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Publication numberUS7220036 B2
Publication typeGrant
Application numberUS 11/133,504
Publication dateMay 22, 2007
Filing dateMay 20, 2005
Priority dateMay 20, 2005
Fee statusPaid
Also published asUS20060262555, WO2006127353A1
Publication number11133504, 133504, US 7220036 B2, US 7220036B2, US-B2-7220036, US7220036 B2, US7220036B2
InventorsJennifer R. Yi, Robert M. Emmons
Original Assignee3M Innovative Properties Company
Export CitationBiBTeX, EndNote, RefMan
External Links: USPTO, USPTO Assignment, Espacenet
Thin direct-lit backlight for LCD display
US 7220036 B2
Abstract
Direct-lit backlights and associated methods are disclosed in which an array of elongated light sources is placed in a cavity between a diffuser plate and a back reflector. The back reflector is a specular reflector that can have a divergence half-angle of about 10 degrees or less. The diffuser plate can be of the type that has uniform diffusing properties over its useful area. Appropriate placement of the diffuser plate, light sources, and back reflector can yield a backlight having exceptional thinness, brightness uniformity, and average brightness.
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Claims(13)
1. A backlight suitable for use in a display, comprising:
a diffuser plate;
a specular back reflector; and
a plurality of elongated light sources disposed between the diffuser plate and the back reflector, the light sources having a cross-sectional diameter of 2R;
wherein the light sources are positioned such that a distance T from centers of the light sources to the back reflector is no greaater than 2R;
and wherein the light sources have source-to-source spacing S, where a distance from the diffusing plate to the center of the light source is D, and wherein S/D is at least 1.5.
2. The backlight of claim 1, wherein T is no greater than 1.5R.
3. The backlight of claim 2, wherein T is no greater than 1.1R.
4. The backlight of claim 3, wherein the light sources are in substantial contact with the back reflector.
5. The backlight of claim 1, wherein S/D is at least 2.
6. The backlight of claim 1, wherein S/D is in a range from about 2 to 3.
7. The backlight of claim 6, wherein S/D is no more than 3.5.
8. The backlight of claim 6, wherein S/D is in a range from 1.5 to 3.5.
9. The backlight of claim 1, wherein the diffuser plate has uniform diffusing properties over its useful area.
10. The backlight of claim 1, wherein the specular reflector has a diffusion half angle less than 10 degrees.
11. The backlight of claim 1, wherein the specular reflector has an average visible reflectivity of at least 90%.
12. The backlight of claim 11, wherein the specular reflector has an average visible reflectivity of at least 95%.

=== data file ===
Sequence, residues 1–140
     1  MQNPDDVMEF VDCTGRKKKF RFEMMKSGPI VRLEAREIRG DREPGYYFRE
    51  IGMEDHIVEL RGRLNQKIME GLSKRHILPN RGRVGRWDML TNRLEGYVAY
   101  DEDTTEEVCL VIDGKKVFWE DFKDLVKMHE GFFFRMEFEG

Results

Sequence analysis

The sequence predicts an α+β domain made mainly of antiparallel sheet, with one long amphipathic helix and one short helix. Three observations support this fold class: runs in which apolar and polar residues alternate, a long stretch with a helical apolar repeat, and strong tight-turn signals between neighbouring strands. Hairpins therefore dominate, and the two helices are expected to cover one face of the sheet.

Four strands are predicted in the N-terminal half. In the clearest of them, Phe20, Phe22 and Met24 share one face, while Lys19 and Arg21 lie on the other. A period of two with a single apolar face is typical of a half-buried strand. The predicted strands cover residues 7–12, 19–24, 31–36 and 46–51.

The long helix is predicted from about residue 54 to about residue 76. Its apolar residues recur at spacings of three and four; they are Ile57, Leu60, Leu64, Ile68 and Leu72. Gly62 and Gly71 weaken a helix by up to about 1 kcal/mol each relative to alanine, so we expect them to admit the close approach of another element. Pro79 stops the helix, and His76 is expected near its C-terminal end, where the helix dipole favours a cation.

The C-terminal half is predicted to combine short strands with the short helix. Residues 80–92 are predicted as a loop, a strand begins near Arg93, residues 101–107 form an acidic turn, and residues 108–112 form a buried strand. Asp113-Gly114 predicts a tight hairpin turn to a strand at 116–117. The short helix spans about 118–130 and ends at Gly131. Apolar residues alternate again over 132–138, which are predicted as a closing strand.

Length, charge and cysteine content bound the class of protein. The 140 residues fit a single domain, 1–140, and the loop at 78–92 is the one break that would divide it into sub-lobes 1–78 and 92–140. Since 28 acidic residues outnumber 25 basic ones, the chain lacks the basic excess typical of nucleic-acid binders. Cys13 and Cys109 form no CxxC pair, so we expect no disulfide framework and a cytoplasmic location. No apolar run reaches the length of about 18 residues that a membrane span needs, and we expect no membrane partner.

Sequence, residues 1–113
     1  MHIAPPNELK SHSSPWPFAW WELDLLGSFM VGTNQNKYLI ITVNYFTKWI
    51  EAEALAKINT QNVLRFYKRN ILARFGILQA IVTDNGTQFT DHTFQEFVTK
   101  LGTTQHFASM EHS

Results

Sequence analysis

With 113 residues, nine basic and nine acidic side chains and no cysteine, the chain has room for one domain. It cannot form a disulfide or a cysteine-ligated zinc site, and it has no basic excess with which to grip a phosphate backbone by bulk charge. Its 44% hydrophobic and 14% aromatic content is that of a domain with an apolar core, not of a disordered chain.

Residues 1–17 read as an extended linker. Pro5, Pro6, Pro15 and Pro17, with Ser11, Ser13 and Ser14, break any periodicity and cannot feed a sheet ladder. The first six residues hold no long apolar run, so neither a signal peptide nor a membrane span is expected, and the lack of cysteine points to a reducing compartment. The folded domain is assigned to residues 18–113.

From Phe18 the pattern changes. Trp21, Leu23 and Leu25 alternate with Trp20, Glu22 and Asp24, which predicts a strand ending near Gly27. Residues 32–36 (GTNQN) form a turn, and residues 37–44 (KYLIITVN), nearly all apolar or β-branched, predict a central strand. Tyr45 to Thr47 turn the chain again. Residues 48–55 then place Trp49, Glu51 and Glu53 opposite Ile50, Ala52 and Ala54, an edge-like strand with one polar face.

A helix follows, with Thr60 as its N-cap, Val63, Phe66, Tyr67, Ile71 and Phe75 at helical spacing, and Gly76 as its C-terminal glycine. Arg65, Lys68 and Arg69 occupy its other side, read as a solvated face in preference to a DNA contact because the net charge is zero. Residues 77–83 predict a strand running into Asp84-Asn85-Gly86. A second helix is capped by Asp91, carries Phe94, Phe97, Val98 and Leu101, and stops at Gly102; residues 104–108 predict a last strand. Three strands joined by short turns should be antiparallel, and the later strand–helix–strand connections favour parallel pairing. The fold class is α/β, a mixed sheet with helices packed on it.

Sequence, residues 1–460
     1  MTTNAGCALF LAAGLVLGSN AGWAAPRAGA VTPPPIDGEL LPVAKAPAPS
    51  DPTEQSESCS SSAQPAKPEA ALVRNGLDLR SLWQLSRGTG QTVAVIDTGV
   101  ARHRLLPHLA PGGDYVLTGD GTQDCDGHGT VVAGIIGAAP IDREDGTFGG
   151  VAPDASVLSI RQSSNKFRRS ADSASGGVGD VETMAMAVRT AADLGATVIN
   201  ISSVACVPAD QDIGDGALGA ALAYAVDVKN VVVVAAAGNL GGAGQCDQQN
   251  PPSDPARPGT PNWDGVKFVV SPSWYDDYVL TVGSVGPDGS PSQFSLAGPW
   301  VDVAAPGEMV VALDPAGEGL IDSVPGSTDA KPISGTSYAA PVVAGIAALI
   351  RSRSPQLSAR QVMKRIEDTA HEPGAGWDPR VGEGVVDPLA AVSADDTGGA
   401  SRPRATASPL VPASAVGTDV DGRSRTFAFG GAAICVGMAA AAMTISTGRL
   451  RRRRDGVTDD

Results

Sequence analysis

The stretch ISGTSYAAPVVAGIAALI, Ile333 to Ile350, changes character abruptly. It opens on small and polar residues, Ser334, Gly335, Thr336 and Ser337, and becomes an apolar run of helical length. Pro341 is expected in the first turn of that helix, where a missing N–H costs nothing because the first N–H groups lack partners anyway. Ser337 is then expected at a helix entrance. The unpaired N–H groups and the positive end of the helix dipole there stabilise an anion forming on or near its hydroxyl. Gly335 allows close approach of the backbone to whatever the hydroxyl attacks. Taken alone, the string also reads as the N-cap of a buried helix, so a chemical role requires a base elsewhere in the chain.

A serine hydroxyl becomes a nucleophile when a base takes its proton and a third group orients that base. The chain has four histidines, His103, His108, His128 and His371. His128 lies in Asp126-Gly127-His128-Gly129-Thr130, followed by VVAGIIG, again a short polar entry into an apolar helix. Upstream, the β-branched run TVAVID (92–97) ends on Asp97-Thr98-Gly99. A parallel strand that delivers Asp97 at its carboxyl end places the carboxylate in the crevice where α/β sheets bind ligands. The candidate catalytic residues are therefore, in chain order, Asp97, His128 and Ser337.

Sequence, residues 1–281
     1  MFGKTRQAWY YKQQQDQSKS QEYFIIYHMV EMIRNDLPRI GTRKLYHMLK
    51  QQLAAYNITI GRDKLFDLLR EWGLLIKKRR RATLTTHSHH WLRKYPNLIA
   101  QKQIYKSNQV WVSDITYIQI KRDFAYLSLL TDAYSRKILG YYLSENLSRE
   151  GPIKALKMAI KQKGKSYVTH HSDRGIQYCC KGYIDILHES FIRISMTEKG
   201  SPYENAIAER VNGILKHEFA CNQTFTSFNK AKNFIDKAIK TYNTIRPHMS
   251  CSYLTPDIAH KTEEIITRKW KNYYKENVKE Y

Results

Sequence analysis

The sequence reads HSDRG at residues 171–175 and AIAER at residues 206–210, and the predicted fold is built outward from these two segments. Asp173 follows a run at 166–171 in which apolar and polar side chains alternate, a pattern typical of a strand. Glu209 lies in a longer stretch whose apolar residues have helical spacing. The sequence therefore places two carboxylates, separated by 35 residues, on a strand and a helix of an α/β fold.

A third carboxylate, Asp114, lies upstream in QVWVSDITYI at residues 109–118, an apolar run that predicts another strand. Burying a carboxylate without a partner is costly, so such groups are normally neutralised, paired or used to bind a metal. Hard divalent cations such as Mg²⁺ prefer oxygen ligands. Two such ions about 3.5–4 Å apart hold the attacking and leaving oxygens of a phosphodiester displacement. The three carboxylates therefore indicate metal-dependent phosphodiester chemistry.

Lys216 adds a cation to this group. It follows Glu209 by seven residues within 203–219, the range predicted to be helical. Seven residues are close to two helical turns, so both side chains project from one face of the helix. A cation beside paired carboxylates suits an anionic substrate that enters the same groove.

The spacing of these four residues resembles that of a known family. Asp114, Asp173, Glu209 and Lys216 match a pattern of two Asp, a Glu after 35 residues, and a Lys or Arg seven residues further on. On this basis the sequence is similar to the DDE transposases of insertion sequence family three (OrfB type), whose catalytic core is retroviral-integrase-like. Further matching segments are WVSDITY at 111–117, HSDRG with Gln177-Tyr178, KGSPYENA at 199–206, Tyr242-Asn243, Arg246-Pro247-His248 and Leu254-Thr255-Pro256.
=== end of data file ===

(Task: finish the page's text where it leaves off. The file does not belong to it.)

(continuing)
13. The backlight of claim 12, wherein the specular reflector has an average visible reflectivity of at least 98%.
Description
FIELD OF THE INVENTION

The present invention relates to backlights, such as those used in liquid crystal display (LCD) devices and similar displays, as well as to methods of making backlights.

BACKGROUND

Recent years have seen tremendous growth in the number and variety of display devices available to the public. Computers (whether desktop, laptop, or notebook), personal digital assistants (PDAs), mobile phones, and thin LCD TVs are but a few examples. Although some of these devices can use ordinary ambient light to view the display, most include a backlight to make the display visible.

Many such backlights fall into the categories of “edge-lit” or “direct-lit”. These categories differ in the placement of the light sources relative to the output face of the backlight, where the output face defines the viewable area of the display device. In edge-lit backlights, a light source is disposed along an outer border of the backlight construction, outside the area or zone corresponding to the output face. The light source typically emits light into a light guide, which has length and width dimensions on the order of the output face and from which light is extracted to illuminate the output face. In direct-lit backlights, an array of light sources is disposed directly behind the output face, and a diffuser is placed in front of the light sources to provide a more uniform light output. Some direct-lit backlights also incorporate an edge-mounted light, and are thus capable of both direct-lit and edge-lit operation.

It is known for direct-lit backlights to use an array of cold cathode fluorescent lamps (CCFLs) as the light sources. It is also known to place a diffuse white reflector as a back reflector behind the CCFL array, to increase brightness and presumably also to enhance uniformity across the output face.

An example of this is shown in FIG. 1, which illustrates in a schematic sectional exploded view selected optical components of a liquid crystal display television (LCD TV) 10, commercially available from Samsung Corp. as model LTN226W. This figure is not to scale, and some of the features are exaggerated for ease of illustration. The LCD TV 10 has a 22-inch screen size and a 16:9 aspect ratio, meaning the screen is about 10.8 inches (275 mm) in height and 19.2 inches (485 mm) in width. In this regard, height, width, and depth correspond to the Cartesian x-, y-, and z-axes respectively shown in the figure. The LCD TV 10 has an LCD panel 12 viewable by the observer 13, and a collection of components forming a backlight 14 behind the LCD panel 12.